When you think of a stun gun or a Taser device, you probably think about the tool used by police officers. But these days it's becoming more and more popular for them to be used by anyone.
They're easy to get, but are they safe?
Conducted Electronic Device (CED) is the more formal name for the popular Taser. Horry County Sgt. Robert Kegler says the personal protection device is becoming more popular.
"I believe that they are getting a bit trendier," he said. "People do talk about having Taser parties."
Those parties cater to women, and are much like a Tupperware or Mary Kay party.
"We go into a home, a restaurant - I can even do it at my home," said Kimberly Nida, who hosts Taser parties in Florence.
Nida says she gets up to 100 requests a year for the Taser civilian model, and has already sold six this month.
"I have 100 people that would love to buy one now," she said. "The only problem is the price."
At $349 plus tax, the price tag can be prohibitive.
We wanted to learn a little more about the TASER device and other types of CEDs. One WMBF News reporter volunteered to take a hit from a Taser, but was not allowed. Both the Horry County Police and the Myrtle Beach Police cited safety reasons.
"We also don't have the ability to get a medical history to see if there is anything in your background that may affect you," Kegler explained.
So, it's a fair question: Could a CED kill you?
"We don't have sufficient information," said Dr. Geoffrey Alpert. "We do know that many of the deaths that have occurred throughout the country are when suspects have been hit with CEDs through extended periods of time."
Alpert, who teaches criminology classes at the University of South Carolina, has studied CEDs for five years and just wrapped up a three-year study, concluding CEDs were a very helpful tool for police officers to reduce injury to themselves and criminals, but it has a high potential for abuse.
Through his study, Alpert found data collected by researchers with the National Institute of Justice that show there is no medical evidence that proves a CED will kill you.
"I'm not going to tell you it can kill you or can't," Alpert said. "We know it's killed pigs. We know that it has been related to deaths with humans but the medical research is inconclusive."
The Grand Strand Regional Medical Center's ER director Dr. John Molnar noted, however, "If it's used improperly, all bets are off."
Molnar says there's no known medical research that directly links CEDs to death.
According to data gathered from researchers with Amnesty International, since 2001 there have been 357 people that have died after being hit with a CED, but they say there is no evidence that the CED actually killed any of them.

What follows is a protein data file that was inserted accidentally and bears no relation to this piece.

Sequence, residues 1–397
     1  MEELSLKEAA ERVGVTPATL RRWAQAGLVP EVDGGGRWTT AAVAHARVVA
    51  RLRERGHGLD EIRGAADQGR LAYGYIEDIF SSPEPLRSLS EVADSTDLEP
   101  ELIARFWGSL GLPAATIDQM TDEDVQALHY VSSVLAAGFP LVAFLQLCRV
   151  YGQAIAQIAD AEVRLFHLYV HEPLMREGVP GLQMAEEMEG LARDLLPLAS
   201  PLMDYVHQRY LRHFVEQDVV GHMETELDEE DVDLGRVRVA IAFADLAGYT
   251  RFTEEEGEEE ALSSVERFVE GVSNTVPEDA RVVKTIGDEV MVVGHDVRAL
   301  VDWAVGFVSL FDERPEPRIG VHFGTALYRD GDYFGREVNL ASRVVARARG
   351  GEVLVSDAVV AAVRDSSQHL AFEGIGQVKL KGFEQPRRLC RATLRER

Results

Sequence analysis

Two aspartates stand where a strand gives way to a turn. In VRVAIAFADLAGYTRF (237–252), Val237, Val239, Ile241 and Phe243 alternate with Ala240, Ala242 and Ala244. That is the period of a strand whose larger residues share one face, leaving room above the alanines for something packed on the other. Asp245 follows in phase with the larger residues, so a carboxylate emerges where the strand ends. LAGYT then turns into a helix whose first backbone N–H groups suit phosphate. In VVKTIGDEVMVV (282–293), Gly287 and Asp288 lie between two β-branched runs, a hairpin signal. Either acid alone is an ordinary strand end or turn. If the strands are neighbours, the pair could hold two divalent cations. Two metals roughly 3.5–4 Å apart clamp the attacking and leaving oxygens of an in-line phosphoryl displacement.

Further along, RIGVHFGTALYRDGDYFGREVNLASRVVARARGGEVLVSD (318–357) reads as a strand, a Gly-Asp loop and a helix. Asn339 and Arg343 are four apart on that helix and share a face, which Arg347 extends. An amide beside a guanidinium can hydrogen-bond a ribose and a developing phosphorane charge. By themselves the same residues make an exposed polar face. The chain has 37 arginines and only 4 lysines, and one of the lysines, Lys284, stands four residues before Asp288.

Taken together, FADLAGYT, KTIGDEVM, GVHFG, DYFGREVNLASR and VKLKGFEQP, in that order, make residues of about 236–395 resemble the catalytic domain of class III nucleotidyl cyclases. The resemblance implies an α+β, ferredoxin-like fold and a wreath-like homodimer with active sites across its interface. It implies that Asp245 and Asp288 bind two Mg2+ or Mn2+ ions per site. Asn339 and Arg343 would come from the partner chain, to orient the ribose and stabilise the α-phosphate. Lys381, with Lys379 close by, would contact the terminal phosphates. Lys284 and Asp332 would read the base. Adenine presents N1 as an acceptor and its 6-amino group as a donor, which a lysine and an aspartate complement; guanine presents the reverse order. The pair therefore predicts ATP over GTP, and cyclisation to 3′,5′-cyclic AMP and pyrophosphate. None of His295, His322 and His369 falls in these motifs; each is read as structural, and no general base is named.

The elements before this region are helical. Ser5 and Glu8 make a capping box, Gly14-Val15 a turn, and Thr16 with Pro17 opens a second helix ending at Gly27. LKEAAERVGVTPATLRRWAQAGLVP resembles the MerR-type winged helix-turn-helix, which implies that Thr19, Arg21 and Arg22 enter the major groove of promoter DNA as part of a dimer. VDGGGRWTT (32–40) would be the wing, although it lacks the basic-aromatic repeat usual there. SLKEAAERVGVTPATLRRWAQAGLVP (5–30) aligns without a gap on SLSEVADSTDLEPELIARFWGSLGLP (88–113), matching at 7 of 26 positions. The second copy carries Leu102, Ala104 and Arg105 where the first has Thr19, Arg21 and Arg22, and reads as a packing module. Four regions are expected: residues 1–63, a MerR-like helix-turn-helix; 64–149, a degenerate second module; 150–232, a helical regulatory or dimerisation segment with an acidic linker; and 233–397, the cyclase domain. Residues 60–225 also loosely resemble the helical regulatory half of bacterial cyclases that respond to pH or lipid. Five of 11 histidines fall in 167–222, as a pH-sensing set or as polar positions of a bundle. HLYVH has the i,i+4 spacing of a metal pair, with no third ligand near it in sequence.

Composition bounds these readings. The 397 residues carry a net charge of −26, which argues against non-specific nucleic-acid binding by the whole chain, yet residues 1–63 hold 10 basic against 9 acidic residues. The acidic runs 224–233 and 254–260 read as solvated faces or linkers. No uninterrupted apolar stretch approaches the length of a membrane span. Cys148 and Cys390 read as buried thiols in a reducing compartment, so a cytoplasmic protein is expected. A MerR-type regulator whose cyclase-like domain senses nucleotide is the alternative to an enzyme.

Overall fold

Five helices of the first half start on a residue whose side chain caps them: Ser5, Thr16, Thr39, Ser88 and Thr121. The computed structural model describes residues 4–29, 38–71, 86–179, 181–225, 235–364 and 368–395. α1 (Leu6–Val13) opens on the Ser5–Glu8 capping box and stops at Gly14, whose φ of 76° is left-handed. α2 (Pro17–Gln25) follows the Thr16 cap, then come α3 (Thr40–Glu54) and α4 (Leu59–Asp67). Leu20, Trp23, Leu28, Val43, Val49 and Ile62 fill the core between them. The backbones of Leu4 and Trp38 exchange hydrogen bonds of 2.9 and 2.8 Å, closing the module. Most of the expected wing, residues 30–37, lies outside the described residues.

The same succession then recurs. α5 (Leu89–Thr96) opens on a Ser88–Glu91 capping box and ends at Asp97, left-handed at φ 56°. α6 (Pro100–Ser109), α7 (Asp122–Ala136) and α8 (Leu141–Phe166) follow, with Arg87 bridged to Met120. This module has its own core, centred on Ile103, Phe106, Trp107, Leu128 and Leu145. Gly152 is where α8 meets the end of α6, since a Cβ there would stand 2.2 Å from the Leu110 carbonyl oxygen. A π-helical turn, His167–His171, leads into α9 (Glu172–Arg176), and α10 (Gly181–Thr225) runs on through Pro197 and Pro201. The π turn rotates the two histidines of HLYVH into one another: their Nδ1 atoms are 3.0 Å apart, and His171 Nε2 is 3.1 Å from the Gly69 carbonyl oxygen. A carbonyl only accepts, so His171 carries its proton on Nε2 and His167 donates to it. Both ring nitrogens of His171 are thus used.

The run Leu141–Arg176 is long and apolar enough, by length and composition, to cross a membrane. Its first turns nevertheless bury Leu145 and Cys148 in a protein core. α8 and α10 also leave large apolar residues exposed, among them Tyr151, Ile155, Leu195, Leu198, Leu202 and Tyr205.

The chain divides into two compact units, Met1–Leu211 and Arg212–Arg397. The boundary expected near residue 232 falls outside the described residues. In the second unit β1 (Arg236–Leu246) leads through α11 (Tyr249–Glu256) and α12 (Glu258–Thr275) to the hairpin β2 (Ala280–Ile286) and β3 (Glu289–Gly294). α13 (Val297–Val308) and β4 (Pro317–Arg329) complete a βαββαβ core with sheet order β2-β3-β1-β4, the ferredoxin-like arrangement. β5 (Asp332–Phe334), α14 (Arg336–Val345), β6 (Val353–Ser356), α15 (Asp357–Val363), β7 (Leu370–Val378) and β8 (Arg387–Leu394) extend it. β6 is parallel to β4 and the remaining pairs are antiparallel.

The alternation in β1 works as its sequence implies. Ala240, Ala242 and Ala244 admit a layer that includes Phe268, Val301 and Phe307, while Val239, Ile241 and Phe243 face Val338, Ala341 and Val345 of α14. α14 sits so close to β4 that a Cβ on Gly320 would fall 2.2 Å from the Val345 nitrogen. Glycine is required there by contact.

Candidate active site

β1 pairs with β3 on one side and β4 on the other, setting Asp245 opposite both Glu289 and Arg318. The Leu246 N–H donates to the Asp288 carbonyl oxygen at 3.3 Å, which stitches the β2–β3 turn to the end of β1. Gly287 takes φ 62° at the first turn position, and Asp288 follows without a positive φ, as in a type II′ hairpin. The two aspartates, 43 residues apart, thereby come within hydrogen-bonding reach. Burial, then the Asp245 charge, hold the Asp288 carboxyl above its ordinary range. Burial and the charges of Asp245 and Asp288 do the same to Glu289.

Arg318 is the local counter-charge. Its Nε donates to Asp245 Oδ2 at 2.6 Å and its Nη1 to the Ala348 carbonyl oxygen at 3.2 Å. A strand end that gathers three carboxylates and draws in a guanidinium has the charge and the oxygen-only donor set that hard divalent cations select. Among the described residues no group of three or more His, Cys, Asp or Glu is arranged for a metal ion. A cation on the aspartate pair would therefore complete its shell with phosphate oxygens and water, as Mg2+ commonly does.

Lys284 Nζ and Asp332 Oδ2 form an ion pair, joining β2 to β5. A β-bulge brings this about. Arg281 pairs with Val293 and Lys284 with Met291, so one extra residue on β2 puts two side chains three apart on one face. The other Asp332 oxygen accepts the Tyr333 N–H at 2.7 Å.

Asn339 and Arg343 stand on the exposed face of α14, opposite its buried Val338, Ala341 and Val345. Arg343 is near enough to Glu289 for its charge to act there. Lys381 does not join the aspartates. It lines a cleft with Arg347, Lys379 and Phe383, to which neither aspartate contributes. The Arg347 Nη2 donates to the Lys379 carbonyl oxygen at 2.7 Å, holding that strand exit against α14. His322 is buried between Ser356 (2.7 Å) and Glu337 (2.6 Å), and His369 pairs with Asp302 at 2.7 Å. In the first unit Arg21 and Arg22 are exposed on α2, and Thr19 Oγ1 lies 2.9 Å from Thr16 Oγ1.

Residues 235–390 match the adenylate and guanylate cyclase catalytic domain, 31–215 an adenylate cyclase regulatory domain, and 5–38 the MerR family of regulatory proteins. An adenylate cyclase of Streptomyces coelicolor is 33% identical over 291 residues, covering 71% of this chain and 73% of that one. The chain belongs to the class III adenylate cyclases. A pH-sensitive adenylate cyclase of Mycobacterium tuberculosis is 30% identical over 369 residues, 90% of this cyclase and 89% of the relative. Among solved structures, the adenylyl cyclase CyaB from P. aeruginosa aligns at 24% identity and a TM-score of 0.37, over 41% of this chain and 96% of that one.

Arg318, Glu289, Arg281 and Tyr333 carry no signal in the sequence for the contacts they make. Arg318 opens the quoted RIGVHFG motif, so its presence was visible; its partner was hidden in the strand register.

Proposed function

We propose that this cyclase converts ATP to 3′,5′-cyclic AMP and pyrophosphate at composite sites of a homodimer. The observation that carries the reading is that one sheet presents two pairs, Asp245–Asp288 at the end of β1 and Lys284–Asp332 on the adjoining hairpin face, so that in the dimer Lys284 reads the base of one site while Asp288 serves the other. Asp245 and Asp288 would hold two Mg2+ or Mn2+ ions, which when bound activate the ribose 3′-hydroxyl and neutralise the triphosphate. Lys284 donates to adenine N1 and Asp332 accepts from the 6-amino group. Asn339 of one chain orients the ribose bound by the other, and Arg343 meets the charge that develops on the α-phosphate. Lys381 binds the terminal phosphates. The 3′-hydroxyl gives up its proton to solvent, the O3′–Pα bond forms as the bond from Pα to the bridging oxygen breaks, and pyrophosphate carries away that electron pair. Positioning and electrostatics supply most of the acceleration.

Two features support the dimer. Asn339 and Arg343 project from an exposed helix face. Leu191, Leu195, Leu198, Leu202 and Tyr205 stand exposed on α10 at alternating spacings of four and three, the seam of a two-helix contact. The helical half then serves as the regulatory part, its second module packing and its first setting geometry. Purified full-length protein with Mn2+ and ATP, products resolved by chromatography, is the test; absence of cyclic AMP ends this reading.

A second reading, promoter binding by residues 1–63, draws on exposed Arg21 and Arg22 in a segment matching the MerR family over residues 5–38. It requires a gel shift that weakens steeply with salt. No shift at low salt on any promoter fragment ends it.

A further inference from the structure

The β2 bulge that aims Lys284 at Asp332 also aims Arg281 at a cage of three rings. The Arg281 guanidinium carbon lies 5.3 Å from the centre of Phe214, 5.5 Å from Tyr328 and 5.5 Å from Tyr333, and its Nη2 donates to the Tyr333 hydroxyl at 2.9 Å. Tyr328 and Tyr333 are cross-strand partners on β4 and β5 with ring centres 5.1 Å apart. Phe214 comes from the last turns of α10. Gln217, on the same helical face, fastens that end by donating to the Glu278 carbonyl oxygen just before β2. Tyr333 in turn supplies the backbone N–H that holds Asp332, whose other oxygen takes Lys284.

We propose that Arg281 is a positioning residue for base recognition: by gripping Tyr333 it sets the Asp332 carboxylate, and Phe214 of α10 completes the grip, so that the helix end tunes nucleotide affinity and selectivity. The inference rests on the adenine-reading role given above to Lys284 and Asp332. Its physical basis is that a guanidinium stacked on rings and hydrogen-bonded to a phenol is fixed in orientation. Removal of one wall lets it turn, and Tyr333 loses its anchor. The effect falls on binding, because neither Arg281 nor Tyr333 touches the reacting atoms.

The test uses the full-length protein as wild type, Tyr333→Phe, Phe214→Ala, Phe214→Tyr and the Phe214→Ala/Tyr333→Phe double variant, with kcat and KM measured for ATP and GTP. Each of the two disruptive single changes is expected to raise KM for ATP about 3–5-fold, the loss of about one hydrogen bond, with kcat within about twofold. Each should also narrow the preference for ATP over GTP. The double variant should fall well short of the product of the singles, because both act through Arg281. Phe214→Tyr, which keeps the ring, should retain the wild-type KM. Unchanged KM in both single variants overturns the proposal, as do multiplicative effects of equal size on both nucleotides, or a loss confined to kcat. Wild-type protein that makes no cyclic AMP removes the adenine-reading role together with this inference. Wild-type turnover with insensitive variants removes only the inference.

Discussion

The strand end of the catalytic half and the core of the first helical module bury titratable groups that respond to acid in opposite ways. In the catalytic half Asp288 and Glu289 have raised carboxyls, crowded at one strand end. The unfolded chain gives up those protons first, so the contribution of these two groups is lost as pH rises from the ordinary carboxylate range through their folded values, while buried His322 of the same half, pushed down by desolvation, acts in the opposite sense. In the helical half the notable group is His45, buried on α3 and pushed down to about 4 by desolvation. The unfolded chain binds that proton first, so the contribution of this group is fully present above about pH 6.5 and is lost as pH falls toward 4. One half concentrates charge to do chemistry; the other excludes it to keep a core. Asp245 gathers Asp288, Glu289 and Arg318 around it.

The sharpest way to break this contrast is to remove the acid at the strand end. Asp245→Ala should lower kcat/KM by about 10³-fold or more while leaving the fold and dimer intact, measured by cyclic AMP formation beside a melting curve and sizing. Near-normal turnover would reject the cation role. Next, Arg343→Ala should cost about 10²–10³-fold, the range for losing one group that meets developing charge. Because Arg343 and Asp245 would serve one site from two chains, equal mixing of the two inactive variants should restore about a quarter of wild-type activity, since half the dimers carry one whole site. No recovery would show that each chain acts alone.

"I know in most of the cases where that's occurred there's been other confounding factors," Molnar said. "Drugs on board, cocaine, different things that would be more likely to affect the heart than a Taser."
If you're considering buying a CED, whether it be a Taser or another brand, you might want to do your homework for other reasons.
"In the wrong hands, and if you don't have the training, who's to say what could happen," said MBPD Officer Don Miller, who trains officers to use Tasers.
If you buy a civilian model, like the Taser C2, before the device is activated, you have to pass an identification, verification, and felony background check. Then you're given a unique code that you enter into the device to activate it.
Whenever you deploy at Taser C2, the cartridge emits 20-30 small pieces of serialized confetti that identify the owner, like leaving 20-30 business cards at the scene of a crime.
"I think with the proper training and all the research and technology that Taser put into this product, I think it's a very safe product," Miller commented.
A TASER device may be a safe, but we weren't sure about the other brands or the ones that you could buy at a flea market.
"They're not available at flea markets," Miller said. "You can't get them."
Not only did our hidden cameras find them at the Myrtle Beach Flea Market, we bought what was called a "heavy duty stun gun."
The clerk couldn't tell us where she got it, or how powerful it was, and there was also no contact information for the company, so we showed it to HCPD Officer Chuck McLendon, who is also a Taser instructor. He said he wouldn't buy it.
"I don't know enough about that product to say it's good or bad," he said. "But the fact there's no contact information on it, no kind of training with it. To me, it's just not worth it."
McLendon says all civilian Taser models shoot 50,000 volts, and because South Carolina says the devices aren't considered weapons (because CEDs are activated by compressed nitrogen), anyone can buy one.
"I think there should be some type of law against it, put in place that restricts it," McLendon said. "But that's really not my decision to make though."
In eight other states a Taser device is considered a prohibited weapon and can only be used by law enforcement officers. Canada has the same the laws.
Bottom line, if you decide to get one, be responsible, be careful, know the law, and know what you're doing.